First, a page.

Jun-Young harms people, ruins their lives, and kills them when they’re completely broken and have nothing more left to live for, but he never has a reason to do so. He picks Na Mi as his next victim simply because she dropped her phone on a bus, and he was the one who found it. Although his targets have no particular pattern, he has a habit of collecting trophies and being a mobile expert of sorts; he collects his victims’ phones as trophies. Kim Tae-joon was really trying to create the worst villain ever when he gave his psychopath the hobby of setting each phone’s wallpaper as a photo of the victim’s final moments. Jun Young has a detailed process on how to ruin people’s lives—he lists everything he can find about his victims from their phones, selects their closest contacts, removes them from the victim’s life, and then plays a game. Upon kidnapping his victims, he gives them 24 hours to be contacted by anyone at all, and if nobody comes to their rescue, he proceeds to murder them. But let’s face it, even if someone did come; he’d probably kill them too, being a sadistic freak and all.

Apart from his technological expertise with all things mobile phones, he’s a smooth talker and even better at pulling at the heartstrings of the ones suffering. For years, he turned the real Jun Young’s mother away from her husband by painting the detective Ji Man in a horrible light, and with a gun at his face, he pleaded with him in pain just as his son would. He quickly drops the act, though, to show that he was just playing with a traumatized father, and this shows that not only did he not have an inkling of empathy in him, but he also did not learn fear. That’s a possible side effect of being too twisted in the head, but we never get to know what becomes of him after he’s arrested because the news report announces that he’s still unconscious.


Ji-Man (Kim Hee Won)

A detective trying to solve the case of buried bodies near a deserted forest that he and his son used to frequent when he was young, Ji-Man is also a father estranged from his son Jun-Young. He hasn’t had any contact with his son ever since he left home seven years ago, and he learns that his son, Woo Jun-Young, is still in contact with the same mother he abandoned when she fell ill, and he holds grudges against his negligent father. Ji-Man suffers from the regret of not being able to connect with him while he is still there. When the clues at the crime scene point towards the hobbies Jun-Young had, Ji-Man decides to hunt down his son and arrest him. He arrives at the place he was known to live and finds notes, pictures, and other pointers that further suggest Jun-Young is a murderer, but Ji-Man wants to catch his son in the act. His belief that Jun-Young is too much of a simpleton to kill anyone is constantly rocked.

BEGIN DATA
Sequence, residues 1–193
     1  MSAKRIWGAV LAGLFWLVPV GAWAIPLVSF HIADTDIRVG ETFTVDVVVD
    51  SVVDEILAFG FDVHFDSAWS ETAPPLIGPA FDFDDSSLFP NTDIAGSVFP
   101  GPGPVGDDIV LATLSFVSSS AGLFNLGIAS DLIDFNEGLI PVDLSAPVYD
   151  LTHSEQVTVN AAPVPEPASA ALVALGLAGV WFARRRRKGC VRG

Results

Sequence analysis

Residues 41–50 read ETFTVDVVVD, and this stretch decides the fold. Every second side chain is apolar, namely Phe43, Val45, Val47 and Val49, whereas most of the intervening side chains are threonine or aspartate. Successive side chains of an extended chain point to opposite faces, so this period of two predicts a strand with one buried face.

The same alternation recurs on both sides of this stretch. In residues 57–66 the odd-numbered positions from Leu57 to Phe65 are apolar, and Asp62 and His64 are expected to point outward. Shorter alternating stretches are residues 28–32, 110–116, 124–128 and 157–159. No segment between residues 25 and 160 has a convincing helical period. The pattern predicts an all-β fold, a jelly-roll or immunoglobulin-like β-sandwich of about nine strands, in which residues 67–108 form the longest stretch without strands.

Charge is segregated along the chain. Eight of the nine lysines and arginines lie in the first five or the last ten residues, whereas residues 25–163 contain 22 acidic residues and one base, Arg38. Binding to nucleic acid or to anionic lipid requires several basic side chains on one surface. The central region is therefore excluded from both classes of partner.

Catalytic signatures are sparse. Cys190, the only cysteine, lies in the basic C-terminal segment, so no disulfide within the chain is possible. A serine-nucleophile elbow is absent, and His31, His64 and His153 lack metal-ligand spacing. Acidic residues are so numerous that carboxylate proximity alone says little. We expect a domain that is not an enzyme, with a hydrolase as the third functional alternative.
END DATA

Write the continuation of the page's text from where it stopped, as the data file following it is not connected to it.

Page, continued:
When he learns that his son’s body has been found towards the end, Ji Man’s heart of a father doesn’t want to believe it, and he instantly melts when Jun Young pleads with him as his son. It’s only after seeing the wallpaper of his dead son on Jun-Young’s phone that he’s satisfied that his son is dead, and he points the gun at the psychopath. However, he asks to be arrested, and the emotions of a father need to be suppressed because of the duties of a detective, so he has to lower his gun. Ji Man’s character hasn’t been fleshed out too much, and it’d have been good to see him more as a father than a detective.

Indrayudh Talukdar
Indrayudh Talukdar
Indrayudh has a master's degree in English literature from Calcutta University and a passion for all things in cinema. He loves writing about the finer aspects of cinema, although he is also an equally big fan of webseries and anime. In his free time, Indrayudh loves playing video games and reading classic novels.